2440 Stateville Blvd., Suite 140, Salisbury, NC | 704-637-0712
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Dental Health

Dr. Murphy and his team are fully prepared to answer all your questions pertaining to your dental health and appearance. Attention to each patient’s oral health is an essential considering its direct link to your overall health, especially heart disease. We want our patients to understand the correct techniques and the importance of home care and professional cleanings to prevent gum disease. At each of your recall appointments your gums will be measured and any changes will be documented, which is significant for patients with periodontal (gum) disease and recognize the disease process.

It is also important that we provide our patients an understanding of changes in oral health, whether the changes are due to medications, health changes, hormone levels, or osteoporosis and how to manage or treat the development.

Oral Hygeine

Why is oral hygiene so important?

Adults over 35 lose more teeth to gum diseases (periodontal disease) than from cavities. Three out of four adults are affected at some time in their life. The best way to prevent cavities and periodontal disease is by good tooth brushing and flossing techniques, performed daily.

Periodontal disease and decay are both caused by bacterial plaque. Plaque is a colorless film, which sticks to your teeth at the gumline. Plaque constantly forms on your teeth. By thorough daily brushing and flossing you can remove these germs and help prevent periodontal disease.

Choosing Oral Hygiene Products

There are so many products on the market it can become confusing and choosing between all the products can be difficult. Here are some suggestions for choosing dental care products that will work for most patients.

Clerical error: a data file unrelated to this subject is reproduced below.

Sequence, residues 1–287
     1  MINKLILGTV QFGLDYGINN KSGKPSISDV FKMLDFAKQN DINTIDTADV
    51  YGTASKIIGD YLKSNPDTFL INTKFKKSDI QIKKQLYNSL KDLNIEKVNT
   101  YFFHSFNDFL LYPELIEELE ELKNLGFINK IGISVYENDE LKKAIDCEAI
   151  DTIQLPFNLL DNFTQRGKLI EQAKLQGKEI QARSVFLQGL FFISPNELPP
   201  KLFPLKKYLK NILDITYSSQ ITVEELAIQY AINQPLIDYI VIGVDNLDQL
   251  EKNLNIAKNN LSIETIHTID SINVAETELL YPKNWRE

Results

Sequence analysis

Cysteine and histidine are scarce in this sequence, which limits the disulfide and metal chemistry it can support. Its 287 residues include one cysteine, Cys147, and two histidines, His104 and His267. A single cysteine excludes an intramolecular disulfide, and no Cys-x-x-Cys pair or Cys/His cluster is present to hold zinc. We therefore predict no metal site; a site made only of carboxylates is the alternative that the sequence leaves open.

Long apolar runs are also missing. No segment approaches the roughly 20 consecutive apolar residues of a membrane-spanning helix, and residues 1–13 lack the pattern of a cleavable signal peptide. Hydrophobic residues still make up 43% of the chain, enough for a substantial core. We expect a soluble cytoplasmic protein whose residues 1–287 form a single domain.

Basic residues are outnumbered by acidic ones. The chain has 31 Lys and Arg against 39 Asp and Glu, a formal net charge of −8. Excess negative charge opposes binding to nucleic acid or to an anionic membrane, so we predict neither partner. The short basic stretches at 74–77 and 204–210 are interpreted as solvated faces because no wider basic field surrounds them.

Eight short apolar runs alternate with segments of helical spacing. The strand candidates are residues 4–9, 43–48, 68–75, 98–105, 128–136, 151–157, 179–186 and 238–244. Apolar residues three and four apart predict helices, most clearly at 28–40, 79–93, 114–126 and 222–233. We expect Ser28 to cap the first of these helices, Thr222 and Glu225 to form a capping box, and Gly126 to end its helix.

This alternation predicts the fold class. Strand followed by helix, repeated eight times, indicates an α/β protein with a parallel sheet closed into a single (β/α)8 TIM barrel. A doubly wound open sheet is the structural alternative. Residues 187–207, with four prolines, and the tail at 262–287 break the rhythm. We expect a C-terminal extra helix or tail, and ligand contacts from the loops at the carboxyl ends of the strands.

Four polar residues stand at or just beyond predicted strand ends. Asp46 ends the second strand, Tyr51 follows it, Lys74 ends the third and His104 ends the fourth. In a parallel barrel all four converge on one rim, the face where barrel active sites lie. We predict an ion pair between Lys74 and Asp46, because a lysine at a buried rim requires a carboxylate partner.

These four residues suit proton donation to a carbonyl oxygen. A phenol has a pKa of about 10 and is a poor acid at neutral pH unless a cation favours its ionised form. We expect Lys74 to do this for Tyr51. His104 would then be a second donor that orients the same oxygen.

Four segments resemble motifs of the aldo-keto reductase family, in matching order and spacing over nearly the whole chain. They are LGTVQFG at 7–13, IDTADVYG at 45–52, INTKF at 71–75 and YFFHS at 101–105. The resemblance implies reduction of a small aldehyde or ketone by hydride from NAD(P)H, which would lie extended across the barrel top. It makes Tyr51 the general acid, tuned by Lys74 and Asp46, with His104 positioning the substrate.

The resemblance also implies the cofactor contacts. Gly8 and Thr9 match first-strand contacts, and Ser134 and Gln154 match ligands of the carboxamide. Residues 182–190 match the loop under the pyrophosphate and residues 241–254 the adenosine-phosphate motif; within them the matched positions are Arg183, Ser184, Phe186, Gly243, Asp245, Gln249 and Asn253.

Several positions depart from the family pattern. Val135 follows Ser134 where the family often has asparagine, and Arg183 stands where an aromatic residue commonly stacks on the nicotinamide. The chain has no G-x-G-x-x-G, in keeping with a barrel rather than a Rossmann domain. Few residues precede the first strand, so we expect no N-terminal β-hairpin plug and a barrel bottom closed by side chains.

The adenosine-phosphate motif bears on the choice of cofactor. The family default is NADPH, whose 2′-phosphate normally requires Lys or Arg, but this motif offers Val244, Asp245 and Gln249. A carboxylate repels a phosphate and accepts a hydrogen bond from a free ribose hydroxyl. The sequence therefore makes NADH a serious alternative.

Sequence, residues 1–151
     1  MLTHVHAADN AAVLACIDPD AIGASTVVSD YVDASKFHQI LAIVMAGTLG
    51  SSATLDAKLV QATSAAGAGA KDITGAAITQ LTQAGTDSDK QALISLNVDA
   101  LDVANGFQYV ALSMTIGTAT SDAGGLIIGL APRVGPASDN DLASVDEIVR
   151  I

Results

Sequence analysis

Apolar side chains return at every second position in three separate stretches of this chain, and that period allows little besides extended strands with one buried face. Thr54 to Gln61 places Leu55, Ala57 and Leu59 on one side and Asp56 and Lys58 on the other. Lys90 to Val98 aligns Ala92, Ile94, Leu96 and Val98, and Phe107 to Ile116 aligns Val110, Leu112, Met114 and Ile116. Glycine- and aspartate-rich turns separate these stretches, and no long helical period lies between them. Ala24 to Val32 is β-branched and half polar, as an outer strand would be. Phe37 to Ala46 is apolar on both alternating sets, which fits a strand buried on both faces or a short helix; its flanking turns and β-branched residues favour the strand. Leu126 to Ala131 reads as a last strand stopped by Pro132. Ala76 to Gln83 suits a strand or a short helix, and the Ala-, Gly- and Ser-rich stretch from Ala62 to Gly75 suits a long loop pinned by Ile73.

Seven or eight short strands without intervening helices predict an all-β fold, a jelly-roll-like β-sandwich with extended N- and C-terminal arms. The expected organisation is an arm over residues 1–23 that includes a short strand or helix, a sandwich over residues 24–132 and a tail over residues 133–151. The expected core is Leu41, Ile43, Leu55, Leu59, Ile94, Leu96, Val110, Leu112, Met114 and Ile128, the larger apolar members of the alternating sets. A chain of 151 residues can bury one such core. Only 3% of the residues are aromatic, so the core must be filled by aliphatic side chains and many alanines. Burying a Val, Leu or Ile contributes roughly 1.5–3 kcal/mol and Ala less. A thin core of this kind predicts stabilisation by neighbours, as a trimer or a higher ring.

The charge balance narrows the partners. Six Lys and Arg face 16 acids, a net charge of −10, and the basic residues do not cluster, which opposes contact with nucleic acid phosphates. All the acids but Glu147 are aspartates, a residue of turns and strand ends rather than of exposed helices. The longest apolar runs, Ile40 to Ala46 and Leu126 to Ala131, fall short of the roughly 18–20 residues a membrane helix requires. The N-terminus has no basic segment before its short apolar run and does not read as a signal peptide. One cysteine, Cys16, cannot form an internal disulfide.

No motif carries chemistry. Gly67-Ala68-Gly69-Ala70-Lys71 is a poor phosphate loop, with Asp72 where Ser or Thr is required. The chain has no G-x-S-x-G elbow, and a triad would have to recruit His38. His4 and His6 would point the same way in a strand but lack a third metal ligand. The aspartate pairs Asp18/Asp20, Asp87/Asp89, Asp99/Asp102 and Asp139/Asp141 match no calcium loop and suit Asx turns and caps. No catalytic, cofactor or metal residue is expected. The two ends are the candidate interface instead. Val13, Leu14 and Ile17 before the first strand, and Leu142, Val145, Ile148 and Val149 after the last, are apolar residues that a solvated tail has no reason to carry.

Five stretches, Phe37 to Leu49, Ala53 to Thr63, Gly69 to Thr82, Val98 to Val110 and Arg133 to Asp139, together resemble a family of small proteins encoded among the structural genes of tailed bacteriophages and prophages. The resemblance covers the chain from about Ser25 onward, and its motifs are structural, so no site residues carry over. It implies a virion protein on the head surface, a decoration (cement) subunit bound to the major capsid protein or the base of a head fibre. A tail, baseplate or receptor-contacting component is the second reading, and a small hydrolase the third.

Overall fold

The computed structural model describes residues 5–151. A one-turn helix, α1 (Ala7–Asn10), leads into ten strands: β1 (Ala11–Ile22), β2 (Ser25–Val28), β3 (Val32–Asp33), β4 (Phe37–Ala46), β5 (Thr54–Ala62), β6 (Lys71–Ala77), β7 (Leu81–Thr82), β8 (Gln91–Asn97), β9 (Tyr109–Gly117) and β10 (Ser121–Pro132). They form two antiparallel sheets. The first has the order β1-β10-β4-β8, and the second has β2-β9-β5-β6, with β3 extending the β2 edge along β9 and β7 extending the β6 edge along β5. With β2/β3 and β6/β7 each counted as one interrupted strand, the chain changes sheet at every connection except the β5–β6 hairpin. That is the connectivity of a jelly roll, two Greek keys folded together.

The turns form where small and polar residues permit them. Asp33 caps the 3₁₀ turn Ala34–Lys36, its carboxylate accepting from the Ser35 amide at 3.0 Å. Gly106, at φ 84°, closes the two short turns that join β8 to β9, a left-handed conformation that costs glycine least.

Most patients do well with traditional toothbrushes and floss. However, for our younger patients with time management concerns, or older patients developing dexterity issues automatic and “high-tech” electronic toothbrushes are safe and effective for the majority of patients. Although not a replacement for flossing, oral irrigators (water spraying devices) will rinse your mouth thoroughly, and are ideal for patients with braces.

Fluoride toothpastes and mouth rinses, if used in conjunction with brushing and flossing, can reduce tooth decay as much as 40%. Remember, these rinses are not recommended for children under six years of age. Tartar control toothpastes will reduce tartar above the gum line, but gum disease starts below the gumline so these products have not been proven to reduce the early stage of gum disease and can also cause patients to experience sensitivity.

Anti-plaque rinses, approved by the American Dental Association, contain agents that may help bring early gum disease under control. Use these in conjunction with brushing and flossing.

Professional Cleaning

There are so many products on the market it can become confusing and choosing between all the products can be difficult. Here are some suggestions for choosing dental care products that will work for most patients.

Most patients do well with traditional toothbrushes and floss. However, for our younger patients with time management concerns, or older patients developing dexterity issues automatic and “high-tech” electronic toothbrushes are safe and effective for the majority of patients. Although not a replacement for flossing, oral irrigators (water spraying devices) will rinse your mouth thoroughly, and are ideal for patients with braces.